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Comment: University can't do right for doing wrong
1:30pm Thursday 19th July 2012 in Opinion
SENIOR managers at the University of Cumbria must be feeling they can’t do right for doing wrong after their plans to re-populate the Ambleside campus with students prompted criticism from some residents.
When the board decided to mothball the campus in 2009, students and local residents were united in opposition.
In particular, Ambleside folk warned that the local economy would be badly hit once the students left.
But now there are plans to bring them back in 2014 there is a new outcry – this time about long-term plans for student accommodation.
As part of the new development, a new access is proposed through the Greenbank Road estate, a private residential area, potentially causing disruption to those who live there.
The university insists the access is ‘critical to the success of the campus’. This is so presumably because of the board’s decision to sell off six buildings it owns around Ambleside to help fund the £6m development that will ensure the students’ return. The new campus development will replace that lost accommodation, hence the desire for adequate access to the site.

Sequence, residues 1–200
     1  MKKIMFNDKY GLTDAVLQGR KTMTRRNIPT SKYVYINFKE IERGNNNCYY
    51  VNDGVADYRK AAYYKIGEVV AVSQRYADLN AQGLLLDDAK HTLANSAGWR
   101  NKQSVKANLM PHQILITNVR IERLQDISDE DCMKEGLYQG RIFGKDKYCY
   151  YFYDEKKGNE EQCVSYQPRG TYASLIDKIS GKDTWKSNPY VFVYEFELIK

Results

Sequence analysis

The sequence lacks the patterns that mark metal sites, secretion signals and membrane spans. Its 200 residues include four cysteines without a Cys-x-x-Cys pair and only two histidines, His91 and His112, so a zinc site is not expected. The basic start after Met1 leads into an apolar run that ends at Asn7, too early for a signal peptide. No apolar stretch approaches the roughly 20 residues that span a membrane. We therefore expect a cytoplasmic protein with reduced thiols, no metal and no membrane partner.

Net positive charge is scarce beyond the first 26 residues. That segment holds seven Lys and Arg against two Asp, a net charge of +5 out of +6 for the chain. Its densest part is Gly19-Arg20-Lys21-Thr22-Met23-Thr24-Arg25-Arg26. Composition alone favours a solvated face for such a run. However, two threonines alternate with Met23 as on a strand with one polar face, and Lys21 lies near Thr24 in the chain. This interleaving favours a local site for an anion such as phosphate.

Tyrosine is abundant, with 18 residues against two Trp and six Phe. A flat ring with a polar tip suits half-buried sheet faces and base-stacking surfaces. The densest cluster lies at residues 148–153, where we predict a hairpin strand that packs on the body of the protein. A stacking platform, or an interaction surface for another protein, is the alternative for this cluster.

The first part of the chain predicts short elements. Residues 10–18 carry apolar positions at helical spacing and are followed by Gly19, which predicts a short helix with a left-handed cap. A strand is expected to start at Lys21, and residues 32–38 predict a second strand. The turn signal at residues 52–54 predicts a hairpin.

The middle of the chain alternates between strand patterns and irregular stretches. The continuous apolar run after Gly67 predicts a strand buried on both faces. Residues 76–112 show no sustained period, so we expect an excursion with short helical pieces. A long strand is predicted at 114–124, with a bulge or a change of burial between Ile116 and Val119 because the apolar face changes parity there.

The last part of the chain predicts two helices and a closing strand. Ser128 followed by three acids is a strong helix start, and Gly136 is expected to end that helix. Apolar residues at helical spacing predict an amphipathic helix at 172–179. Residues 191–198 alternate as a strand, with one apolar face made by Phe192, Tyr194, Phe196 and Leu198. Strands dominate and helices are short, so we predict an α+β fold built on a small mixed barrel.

The university might have reasonably expected to be praised for its new plans, but relations have now been soured with the people of Ambleside.
The institution does seem to deserve criticism for the way it has consulted on the campus project and should certainly have talked to locals much earlier about its plans. In their turn, Greenbank residents must realise that most locals desperately want to see students back in Ambleside.
In its defence, the university has said it is not planning to populate the campus with the kind of ‘stereotypical freshers’ who might create problems for the Greenbank estate residents, but more considerate students who would be studying subjects linked to the environment, such as conservation.
That is no guarantee of good behaviour, however, and locals are right to be wary until the students have a chance to prove themselves.
Meanwhile, the university must work harder to find a more appropriate access to the campus so it can restore its relationship with local residents.